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Choose from premium quality potted evergreen stock
Shown above, in the bottom left position, is Canadian hemlock. In the back row, left to right, is eastern white pine, black hills spruce and Norway spruce.
(Tsuga canadensis) Native and Deer Resistant
A most graceful evergreen: softer appearing than spruces, firs and pines. It's also a tidy tree, with very small cones for a conifer (reaching only one inch, shown immediately above) and petite needles that remain dark green over winter months, even during our coldest winters. Performs best in deep garden soil and happily thrives in heavy shade or sunny spots. Can be sheared into a hedge or left alone it will reach 50 ft. tall and 30 ft. wide in the home landscape (pictured at top, above). Two trees planted in shade at Nikolay middle school in Cambridge have averaged 14 inches of annual growth over the past ten years.
18-24" high (potted): $38
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(Pinus nigra) Deer Resistant
The best pine for recently constructed homes given its tenacity: withstands thin, compacted soils and open, windswept conditions. Features stiff needles and an overall formal appearance in youth but with time it builds character (see pic at top, above). Offers bark that is considered one of the handsomest of all pines (pictured immediately above). Smaller cones are between two and three inches long. Requires a sunny, open location and reaches 50 ft. tall and 30 ft. wide at a rate of 12 to 18 inches annually.
3-4 ft. tall (potted): $55
Fast growing, beautiful and adaptable evergreen. Easy to grow in well-drained soil with a sunny exposure. Withstands windswept, exposed areas. Dark green, lustrous needles keep their color even during the worst winters. Four-to-six-inch cones are colored an ornamental red when young (pictured middle, above) maturing to light brown (immediately above). Reaches 50 ft. tall and 25 ft. wide at a pace of 18 inches annually.
2-3 ft. tall (potted): $45
3-4 ft. tall (potted): $60
The best choice for established landscapes that don't have enough sun or space for other evergreens, and one the few spruces that tolerates partial shade. Offers narrow, pyramidal form, reaching only 20-25 ft wide at maturity, and 50 ft. tall. Glossy, lustrous yellow green needles (see above, middle picture) that stay green all winter and resist foliar diseases that commonly afflict blue spruce in our area. Cones are smaller, at around two inches tall and are an ornamental purple when emerging (see immediately above) turning to a shiny brown. Will grow in most soils, except those that are continually wet. Grows slowly, adding 12 inches annually. Widely regarded as one of the best specimen evergreens for combining elegance and adaptability.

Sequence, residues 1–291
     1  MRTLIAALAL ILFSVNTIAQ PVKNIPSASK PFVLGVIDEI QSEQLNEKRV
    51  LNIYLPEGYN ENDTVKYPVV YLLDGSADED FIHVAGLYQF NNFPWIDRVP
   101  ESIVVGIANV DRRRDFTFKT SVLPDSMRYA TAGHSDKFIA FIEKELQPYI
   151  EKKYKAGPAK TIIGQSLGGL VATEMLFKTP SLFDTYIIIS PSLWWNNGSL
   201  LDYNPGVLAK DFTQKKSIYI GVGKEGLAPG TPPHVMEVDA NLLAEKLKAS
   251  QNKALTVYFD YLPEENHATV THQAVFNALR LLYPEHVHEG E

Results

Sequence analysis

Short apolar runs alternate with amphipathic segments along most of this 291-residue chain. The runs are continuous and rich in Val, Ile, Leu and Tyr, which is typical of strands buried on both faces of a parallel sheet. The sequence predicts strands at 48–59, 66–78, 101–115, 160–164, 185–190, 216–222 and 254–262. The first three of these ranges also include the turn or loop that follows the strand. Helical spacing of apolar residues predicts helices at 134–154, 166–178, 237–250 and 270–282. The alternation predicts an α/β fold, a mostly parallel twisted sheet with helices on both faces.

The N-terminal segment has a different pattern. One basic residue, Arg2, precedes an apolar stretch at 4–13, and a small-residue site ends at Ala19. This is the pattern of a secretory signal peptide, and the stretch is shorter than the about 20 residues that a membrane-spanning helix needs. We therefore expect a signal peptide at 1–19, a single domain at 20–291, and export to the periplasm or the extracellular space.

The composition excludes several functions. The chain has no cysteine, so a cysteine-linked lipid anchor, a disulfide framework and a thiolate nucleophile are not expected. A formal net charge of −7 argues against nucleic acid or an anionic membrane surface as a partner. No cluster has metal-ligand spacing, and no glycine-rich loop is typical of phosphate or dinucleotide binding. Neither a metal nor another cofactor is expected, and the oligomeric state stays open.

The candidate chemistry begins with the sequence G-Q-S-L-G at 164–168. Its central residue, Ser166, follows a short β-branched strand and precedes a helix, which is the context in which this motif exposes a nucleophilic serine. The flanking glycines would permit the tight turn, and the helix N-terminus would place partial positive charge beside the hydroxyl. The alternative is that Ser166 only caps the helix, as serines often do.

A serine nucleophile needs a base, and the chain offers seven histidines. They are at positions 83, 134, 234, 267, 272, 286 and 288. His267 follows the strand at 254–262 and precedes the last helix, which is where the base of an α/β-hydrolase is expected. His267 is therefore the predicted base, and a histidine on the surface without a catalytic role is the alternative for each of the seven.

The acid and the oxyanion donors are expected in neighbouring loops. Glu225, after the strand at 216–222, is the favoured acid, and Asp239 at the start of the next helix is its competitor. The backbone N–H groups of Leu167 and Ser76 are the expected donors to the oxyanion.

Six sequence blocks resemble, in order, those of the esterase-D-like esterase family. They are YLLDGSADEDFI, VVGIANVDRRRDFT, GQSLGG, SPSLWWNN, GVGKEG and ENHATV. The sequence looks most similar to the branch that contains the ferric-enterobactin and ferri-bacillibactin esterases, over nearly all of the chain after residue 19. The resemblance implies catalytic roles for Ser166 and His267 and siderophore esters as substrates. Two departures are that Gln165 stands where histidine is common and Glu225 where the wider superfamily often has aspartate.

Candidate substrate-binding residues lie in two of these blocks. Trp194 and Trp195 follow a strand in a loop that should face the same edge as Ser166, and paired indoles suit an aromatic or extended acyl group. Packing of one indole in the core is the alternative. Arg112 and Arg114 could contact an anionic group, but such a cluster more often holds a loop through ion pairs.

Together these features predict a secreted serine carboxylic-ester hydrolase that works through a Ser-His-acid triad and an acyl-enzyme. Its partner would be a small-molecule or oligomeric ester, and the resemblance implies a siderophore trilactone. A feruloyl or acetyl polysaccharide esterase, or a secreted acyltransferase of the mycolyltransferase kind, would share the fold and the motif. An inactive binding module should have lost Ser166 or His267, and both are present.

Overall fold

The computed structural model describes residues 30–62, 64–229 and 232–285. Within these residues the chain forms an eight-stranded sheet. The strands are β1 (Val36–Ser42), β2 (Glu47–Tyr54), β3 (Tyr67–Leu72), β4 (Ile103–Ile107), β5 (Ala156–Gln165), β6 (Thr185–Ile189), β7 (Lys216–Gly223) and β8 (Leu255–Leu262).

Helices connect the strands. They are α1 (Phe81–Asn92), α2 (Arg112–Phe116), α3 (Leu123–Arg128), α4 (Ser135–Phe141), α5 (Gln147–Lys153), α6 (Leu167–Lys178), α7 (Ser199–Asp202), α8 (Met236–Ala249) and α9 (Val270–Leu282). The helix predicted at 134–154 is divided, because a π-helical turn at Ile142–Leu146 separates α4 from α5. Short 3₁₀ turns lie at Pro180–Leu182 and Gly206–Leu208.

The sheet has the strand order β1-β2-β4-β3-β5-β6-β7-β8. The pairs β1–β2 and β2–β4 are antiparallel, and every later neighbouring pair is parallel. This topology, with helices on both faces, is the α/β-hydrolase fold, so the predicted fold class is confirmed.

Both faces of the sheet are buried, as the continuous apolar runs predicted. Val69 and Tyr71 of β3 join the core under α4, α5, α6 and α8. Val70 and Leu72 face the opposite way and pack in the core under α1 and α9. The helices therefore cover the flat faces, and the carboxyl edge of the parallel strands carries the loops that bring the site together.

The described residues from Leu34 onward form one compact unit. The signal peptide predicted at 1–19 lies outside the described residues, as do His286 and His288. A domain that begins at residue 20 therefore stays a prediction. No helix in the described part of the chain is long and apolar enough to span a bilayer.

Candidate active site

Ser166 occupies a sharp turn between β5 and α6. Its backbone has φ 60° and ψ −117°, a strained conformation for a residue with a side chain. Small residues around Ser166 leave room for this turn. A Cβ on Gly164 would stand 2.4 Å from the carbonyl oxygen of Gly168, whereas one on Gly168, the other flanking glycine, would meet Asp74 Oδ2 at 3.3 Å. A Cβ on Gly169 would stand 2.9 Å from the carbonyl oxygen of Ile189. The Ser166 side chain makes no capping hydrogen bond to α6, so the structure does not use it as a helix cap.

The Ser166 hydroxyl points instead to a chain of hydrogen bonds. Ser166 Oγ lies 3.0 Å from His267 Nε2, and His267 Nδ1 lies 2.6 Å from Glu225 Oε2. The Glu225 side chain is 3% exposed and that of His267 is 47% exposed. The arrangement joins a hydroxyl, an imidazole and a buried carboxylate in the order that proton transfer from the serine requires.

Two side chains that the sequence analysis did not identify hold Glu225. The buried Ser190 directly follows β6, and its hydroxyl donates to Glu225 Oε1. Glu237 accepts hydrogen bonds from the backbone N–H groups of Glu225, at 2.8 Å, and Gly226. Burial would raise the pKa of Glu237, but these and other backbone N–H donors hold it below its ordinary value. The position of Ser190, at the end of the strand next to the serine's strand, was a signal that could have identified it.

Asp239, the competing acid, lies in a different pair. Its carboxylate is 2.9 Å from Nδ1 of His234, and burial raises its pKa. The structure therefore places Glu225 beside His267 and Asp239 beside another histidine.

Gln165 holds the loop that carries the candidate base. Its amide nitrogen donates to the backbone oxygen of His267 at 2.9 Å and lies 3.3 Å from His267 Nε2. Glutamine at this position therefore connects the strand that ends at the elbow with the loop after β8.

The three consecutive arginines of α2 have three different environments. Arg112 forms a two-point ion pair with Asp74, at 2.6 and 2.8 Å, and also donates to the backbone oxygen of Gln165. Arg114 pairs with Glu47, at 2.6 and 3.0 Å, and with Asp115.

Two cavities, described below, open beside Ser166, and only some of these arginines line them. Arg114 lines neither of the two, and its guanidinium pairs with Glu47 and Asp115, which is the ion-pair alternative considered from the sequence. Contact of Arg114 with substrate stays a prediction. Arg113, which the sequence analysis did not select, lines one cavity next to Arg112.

2-3 ft tall (potted): $55
Out of Stock
We're out of stock of the following evergreens currently, but would be happy to notify you when they're in stock again.
Pine, Eastern White
(Pinus strobis) Native and Deer Resistant
The iconic evergreen of northern Wisconsin. Exuding less formality and greater character as it matures. Features the softest needles of any native evergreen. It's also the fastest growing evergreen we've measured locally: adding 18-24 inches of growth annually. Reaches 60 ft. tall and 30 ft. wide under home landscape conditions. Trees reaching 200 feet tall were noted in Wisconsin's forest primeval. Easy to grow in local soils provided they're well drained. Thrives in full sun and is known to tolerate shade for up to 20 years.
Spruce, Black Hills
(Picea glauca densata)
An offshoot of our native white spruce but acclimated to harsher, dryer and more exposed growing conditions; as such it's a great choice for recently developed subdivisions. Greater branch density (see above) than most evergreens suggest a more formal character. Cones are much smaller than other spruces, reaching only one to two inches long. Requires a sunny and open setting. Known to be slower growing than Norway spruce, they reach 30 ft. tall and 15 ft. wide in most landscape settings.
Proceeds from our non-profit tree sales have gifted and established over 1100 additional living trees in Cambridge since 2006